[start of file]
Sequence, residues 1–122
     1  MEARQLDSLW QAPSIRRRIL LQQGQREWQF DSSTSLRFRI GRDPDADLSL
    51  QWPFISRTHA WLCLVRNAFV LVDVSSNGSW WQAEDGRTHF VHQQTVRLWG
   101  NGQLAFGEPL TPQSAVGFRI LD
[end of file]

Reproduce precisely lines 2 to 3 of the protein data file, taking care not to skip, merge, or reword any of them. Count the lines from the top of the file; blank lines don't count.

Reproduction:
     1  MEARQLDSLW QAPSIRRRIL LQQGQREWQF DSSTSLRFRI GRDPDADLSL
    51  QWPFISRTHA WLCLVRNAFV LVDVSSNGSW WQAEDGRTHF VHQQTVRLWG